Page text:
But it was enough to get by and eat up some outs and that's what the Cubs truly needed. Hendricks found ways to shut the door on Nationals rallies at just the right time, allowing his team back into the game.
I don't have any cute, catchy sub-head for the Wade Davis category, because he wouldn't want it any other way.
Maddon called on his guy to close out the game, bringing the closer in in the seventh inning with two on and two out.
Davis responded by striking out Ryan Zimmerman to escape the seventh-inning jam. He walked the first two hitters of the eighth inning before getting pinch-hitter Adam Lind to ground the first pitch of the at-bat into a double play.
But then, naturally, the guy in the next bullet came to the plate.
Still, Davis got the job done by the skin of his teeth and pitched the Cubs to the NLCS.
It was his longest outing (both in terms of pitches thrown and outs recorded) since August 2013, when he was still working as a starting pitcher.
Michael F. Taylor
(The F is for "freakin.")
The young Washington outfielder did his best to carry his team the last two nights, following his backbreaking grand slam in Game 4 with a three-run shot in the second inning of Game 5. That second blast seemed to be a dagger for the Cubs early on, but that was long before things got weird. Like really, really weird.
Taylor became the first player ever to drive in a combined seven runs on back-to-back plate appearances in the postseason and became a hero in our nation's capital for it.
But Taylor wasn't done in the second inning. He started the seventh-inning rally with a leadoff walk and scored a run. Then he drove in another run in the eighth off Davis, trying to singlehandedly will his team back into the game.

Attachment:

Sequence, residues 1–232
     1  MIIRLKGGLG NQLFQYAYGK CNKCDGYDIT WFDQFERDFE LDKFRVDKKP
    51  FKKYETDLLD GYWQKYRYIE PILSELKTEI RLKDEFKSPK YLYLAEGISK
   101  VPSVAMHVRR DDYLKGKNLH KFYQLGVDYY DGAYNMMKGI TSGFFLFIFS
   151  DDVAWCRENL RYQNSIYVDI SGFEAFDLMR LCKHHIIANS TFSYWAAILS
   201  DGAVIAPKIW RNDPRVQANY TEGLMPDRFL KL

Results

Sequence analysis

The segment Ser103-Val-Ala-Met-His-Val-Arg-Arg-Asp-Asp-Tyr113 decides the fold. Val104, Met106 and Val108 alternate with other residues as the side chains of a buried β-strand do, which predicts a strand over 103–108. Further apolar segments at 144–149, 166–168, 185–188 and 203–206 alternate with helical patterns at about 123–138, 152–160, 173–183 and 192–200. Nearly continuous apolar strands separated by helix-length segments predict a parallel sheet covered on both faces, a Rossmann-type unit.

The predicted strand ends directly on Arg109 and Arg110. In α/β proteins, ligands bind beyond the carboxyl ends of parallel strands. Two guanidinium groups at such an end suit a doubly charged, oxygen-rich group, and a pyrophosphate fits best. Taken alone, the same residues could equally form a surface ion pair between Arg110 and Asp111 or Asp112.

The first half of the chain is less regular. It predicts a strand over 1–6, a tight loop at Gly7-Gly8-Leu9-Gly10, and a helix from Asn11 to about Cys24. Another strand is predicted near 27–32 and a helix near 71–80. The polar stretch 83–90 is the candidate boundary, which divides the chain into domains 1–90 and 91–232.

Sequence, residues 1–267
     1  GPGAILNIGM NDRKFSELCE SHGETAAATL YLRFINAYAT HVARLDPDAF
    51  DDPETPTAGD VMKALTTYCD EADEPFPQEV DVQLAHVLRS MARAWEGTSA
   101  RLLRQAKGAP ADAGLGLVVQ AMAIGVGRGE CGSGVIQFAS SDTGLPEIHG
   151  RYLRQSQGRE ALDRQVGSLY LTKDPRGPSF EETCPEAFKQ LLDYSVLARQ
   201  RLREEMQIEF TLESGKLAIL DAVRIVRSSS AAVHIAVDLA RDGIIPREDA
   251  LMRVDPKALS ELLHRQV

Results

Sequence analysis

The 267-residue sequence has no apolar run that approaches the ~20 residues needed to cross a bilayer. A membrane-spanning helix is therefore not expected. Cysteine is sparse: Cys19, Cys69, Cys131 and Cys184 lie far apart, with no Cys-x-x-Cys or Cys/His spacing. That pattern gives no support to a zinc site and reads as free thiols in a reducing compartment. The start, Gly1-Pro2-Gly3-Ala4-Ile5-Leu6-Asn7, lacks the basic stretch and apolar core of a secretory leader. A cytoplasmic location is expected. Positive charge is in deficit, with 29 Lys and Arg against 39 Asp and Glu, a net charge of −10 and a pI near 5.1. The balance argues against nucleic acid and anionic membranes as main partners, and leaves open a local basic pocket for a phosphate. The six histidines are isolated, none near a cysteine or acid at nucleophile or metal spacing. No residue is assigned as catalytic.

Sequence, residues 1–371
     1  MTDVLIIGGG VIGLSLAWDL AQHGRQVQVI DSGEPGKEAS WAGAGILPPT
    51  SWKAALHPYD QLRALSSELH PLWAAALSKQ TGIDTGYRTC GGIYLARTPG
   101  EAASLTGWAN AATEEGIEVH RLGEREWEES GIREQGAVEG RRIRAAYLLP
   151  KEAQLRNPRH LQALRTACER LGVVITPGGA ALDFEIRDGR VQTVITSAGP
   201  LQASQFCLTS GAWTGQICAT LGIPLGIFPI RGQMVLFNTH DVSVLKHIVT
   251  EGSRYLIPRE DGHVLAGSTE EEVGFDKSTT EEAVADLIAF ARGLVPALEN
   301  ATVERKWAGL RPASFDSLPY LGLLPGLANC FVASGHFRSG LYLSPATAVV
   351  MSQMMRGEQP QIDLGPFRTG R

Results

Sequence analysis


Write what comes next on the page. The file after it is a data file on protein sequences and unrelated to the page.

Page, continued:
All hands on deck
Maddon has used four starting pitchers the last two games and yet still John Lackey couldn't get in either game.
Here is a list of the pitchers used by Maddon and how many outs they accounted for:
Brian Duensing: 2
Pedro Strop: 3
Mike Montgomery: 1
Carl Edwards Jr.: 0
Jose Quintana: 2
Maddon also used Zobrist, Tommy La Stella and Kyle Schwarber as pinch-hitters and Leonys Martin as part of a double switch.
In the last two nights, the only guys who didn't enter either game were backup catcher Alex Avila and Lackey.
Like Maddon said, there is no Game 6, and he managed like it.
Cubbie occurrences? Nahh
But Nattie occurrences? Maybe...
The Nationals will head into 2018 — the final year of Bryce Harper's contract — still having not won a postseason series.
That makes four failures in four tries for the Nats since 2012, the year they shut Stephen Strasburg down because they wanted to prioritize his arm health and figured they'd have plenty of postseason runs in years to come.
Thursday's game was absolutely crazy and sloppy. Cubs fans are used to seeing some of those wacky occurrences happen against them, but that's all changed now with a 108-year championship drought ended.
Instead, it was the Nationals who looked star-crossed, making mistakes all over the field and essentially handing the Cubs the game on a silver platter.
The end result is what figures to be another loooong winter in D.C. breaking down this specific missed opportunity.
But we live in Chicago, and Cubdom only need worry about one thing: